December 19, 2005

The Devil's Kitchen: Ding dong, the Witch is dead...

Whilst praising the fact that Microsoft has finally buried Mac IE DK mentions that
Now, that firm, you see, got diddled by whoever built their site (it was in ASP-X, whatever the hell that is). That's one sale definitely lost to them, before I've even considered (and turned down) their deal.
I am very suprised that the log in didn't work, since it is a bloody simple bit of code however you do it. What ASP-X is I suspect .aspx the file extension used by ASP.NET Microsoft's web technology of the .NET framework. I use it at work (not through choice, I would prefer Python). Personally I think it sucks. It sucks less than PHP, but it still sucks. Here are some of the problems

The framework is enormous and the documentation system is crap. The easiest way to find anything is search MSDN with Google.

The C# language (crap name) isn't exactly lightweight either. When creating Java sun took C++ and removed a whole bunch of things. When creating C# Microsoft took Java and put everything back in. It has a Goto statement for gods sake. Why? K&R considered Goto bad when they where creating C in the 1970's but left it in for exception handling. Java added good exception handling, which C# inherited. So why put Goto back into the language?

C# is almost Java, but not quite. If you know Java then you can write code that will work in that language and expect it to work as C#. Well most of the time. Their naming conventions are subtly different, so writing toString(), the Java way, when I wanted ToString() for .NET got me a couple times when I was starting. Which brings me on to my next point.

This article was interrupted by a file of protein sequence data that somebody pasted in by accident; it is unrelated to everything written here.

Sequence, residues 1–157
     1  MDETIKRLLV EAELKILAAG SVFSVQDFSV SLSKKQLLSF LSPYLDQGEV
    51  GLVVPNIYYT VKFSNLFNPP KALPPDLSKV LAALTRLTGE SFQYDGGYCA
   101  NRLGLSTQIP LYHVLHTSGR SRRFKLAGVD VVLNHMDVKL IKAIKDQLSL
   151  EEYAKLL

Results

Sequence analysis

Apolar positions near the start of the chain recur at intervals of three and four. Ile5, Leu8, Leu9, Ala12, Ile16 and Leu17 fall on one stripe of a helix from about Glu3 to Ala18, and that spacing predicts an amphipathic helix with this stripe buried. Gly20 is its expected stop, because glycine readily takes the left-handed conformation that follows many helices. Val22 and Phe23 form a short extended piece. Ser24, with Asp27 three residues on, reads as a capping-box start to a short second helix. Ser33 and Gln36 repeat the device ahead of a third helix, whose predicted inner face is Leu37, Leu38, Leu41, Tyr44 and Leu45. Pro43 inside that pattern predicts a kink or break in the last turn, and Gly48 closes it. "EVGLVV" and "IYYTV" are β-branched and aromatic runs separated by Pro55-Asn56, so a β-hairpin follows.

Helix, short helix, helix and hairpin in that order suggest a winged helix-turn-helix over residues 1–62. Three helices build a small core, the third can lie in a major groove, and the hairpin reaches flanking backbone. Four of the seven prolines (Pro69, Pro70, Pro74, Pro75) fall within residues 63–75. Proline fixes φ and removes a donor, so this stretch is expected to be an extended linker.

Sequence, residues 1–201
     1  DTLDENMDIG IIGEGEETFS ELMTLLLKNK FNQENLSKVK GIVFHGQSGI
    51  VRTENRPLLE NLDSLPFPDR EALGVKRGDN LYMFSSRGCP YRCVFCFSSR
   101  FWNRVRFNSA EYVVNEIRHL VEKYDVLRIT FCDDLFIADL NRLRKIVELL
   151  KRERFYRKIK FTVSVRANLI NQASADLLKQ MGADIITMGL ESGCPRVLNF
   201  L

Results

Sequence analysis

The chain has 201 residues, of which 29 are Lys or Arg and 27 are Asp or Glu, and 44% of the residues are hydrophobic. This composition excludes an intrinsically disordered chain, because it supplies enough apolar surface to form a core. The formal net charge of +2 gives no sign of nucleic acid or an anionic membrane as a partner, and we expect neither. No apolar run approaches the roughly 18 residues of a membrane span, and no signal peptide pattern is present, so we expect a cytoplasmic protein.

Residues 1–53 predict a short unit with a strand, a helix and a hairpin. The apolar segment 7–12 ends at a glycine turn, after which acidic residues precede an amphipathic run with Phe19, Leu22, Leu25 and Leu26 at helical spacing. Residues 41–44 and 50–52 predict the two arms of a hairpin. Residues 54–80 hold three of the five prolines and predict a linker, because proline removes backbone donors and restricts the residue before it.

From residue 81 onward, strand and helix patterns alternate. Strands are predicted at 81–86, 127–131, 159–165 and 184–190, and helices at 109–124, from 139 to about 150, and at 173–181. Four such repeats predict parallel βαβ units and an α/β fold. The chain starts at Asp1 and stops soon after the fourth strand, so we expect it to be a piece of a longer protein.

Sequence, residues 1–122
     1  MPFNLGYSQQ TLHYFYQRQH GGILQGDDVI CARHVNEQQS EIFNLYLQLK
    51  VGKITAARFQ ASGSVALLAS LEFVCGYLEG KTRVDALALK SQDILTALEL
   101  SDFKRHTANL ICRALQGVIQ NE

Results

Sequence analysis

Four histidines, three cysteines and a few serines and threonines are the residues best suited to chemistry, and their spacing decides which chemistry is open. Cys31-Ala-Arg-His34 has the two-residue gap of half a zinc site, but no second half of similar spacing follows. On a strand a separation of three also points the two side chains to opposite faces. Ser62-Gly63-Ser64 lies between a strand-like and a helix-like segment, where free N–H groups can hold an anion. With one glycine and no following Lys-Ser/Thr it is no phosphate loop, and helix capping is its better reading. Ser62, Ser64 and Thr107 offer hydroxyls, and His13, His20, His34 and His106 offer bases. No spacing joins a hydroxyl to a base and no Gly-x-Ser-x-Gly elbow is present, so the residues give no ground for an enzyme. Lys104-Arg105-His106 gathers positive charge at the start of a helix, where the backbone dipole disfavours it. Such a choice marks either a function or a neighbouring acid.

Case sensitivity, who on earth thought that was a good idea? Lisp new better back in the 50's.

Strong Typing. Why? The only errors this ever picks up are errors that would not be errors in a dynamically typed system. Strong Typing and Object Orientation is never a good mix, you get a verbose system with far to much code to work around the type system. Where would could deliver the same functionality in far less code where it dynamically typed.

It's not like this hasn't been known for ages either. Smalltalk one of the first OO languages was dynamically typed, as is Lisp, as is Objective C which Sir Tim Berners-Lee praised as letting him make the first web browser much faster.


Blogger Devil's Kitchen said...

My programmer is also a big fan of Python, and the majority of our application cores are now written in that language (I think that he chose Cherry Py in the end).

1:10 am  
Blogger chris said...

Python is a beautiful, simple, language. I wish that I could use it on some of the things that we do, I would be able to work so much faster!

8:42 am  

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